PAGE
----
One other thing to note which may not always be clear is bank selecting or when to do so. It's pretty obvious where the banks are for the the special function registers but it's easy to forget what bank the variables are in. Since I specified the start of the variables to be at h'20' then this means they are located in bank 0, so the two snippets of program above would not work unless these variables were in fact in bank 1 and since we are selecting bank 1 before we do the read / write process then we would be selecting a non-existant RAM address. The two programs above are just generic, these are the parts that I paste into other programs, no point re-writing something every time.
For the above snippets the only difference is that the variable that is in bank 0 zero is to be loaded into the working register first, then bank 1 is selected before it is to be placed into the file register.
To load the next variable to a file register I first must place it back into bank 0, then the same process applies.
Another shortcut is to write "banksel EEADR" which tells the status register to select the bank that "EEADR" is in, this is useful as you then know why you are changing the bank.
Note that "banksel" is not an instruction, it is a directive that tells the software to write two bit lines to control "RP0" and "RP1". So when using this directive it is infact using two instructions, in most cases it does result in using more memory.
Referring to the datasheet when a bank select is necessary can save time instead of placing the "banksel" command in front of everything as not only does it look messy but it takes up valuable program memory and time.
The same process is in the EEPROM read program, in the start it loads the address location and then in the end it retrieves the data from that location.
I don't often use the "banksel" command but it really is a good idea for trouble shooting problems, especially if someone else is reading your program.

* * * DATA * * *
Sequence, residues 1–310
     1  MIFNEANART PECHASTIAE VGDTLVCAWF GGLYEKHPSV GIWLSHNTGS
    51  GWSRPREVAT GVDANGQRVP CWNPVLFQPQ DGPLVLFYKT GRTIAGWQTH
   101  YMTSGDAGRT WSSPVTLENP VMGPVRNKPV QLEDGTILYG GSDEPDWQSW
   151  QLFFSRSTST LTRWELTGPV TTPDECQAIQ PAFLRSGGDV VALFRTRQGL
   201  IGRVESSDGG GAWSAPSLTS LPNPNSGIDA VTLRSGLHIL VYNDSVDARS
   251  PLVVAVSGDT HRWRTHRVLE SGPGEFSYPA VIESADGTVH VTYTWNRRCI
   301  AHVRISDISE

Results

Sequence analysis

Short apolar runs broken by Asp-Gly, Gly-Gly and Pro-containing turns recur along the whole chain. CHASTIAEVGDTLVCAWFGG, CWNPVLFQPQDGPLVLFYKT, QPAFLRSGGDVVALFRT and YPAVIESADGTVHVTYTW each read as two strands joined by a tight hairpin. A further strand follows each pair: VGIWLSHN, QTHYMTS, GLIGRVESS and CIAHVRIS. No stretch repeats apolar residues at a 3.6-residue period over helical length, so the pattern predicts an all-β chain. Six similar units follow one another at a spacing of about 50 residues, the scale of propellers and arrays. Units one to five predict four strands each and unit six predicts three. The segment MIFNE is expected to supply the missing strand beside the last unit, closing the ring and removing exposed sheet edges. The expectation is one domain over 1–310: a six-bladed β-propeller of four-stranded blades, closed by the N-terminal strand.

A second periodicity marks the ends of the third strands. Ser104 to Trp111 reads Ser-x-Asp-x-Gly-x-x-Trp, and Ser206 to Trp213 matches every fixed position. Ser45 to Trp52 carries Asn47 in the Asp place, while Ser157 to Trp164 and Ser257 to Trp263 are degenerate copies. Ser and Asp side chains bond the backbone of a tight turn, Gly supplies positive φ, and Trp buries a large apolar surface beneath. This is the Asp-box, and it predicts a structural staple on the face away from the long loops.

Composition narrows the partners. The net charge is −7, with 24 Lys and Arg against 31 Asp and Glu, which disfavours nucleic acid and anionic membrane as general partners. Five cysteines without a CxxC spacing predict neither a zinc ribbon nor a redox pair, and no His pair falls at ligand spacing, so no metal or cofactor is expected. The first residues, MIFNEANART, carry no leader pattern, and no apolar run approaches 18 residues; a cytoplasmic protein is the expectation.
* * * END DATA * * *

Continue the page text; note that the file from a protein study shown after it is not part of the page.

I do find it to sometimes be very difficult to follow another program, one I have not written myself. I have tried my best to lay out the program with plenty of titles to try and make it easy to follow, the EEPROM part has literally been cut and pasted so it shouldn't be all that difficult to add into your own program. To my program, if the star button is to be pressed it compares what's in the variables with what's in the EEPROM, there is nothing saved in EEPROM and nothing into the keypad, zero and zero match and the LCD states "correct password". If hash button is pressed then it would save a new password. An LCD will display all of the messages such as, "enter password", "password correct", "password incorrect", etc...
In the next chapter I will write in a couple more routines that will not allow a new password to be set unless the original is entered first, it will also allow the control of external outputs such as an electronic lock. This chip has all of it pins in use so the next chapter will introduce a bigger chip, this also introduces what to look out for as memory organisation will most likely be different. Other differences are the analogue reading capability, the extra program memory space along with a slightly different procedure with reading and writing EEPROM.
Below is the program and a link to the right - Program
The layout on breadboard is exactly the same as that in the last project, here is another picture of the additional display command when the password has been reset.
The project is now getting a little more complex but the keypad and the LCD have used up all of the available pins on the chip. The next project is to copy this program to a different chip as well as having an external output to indicate that the code is unlocked, it could be used to control an electronic lock.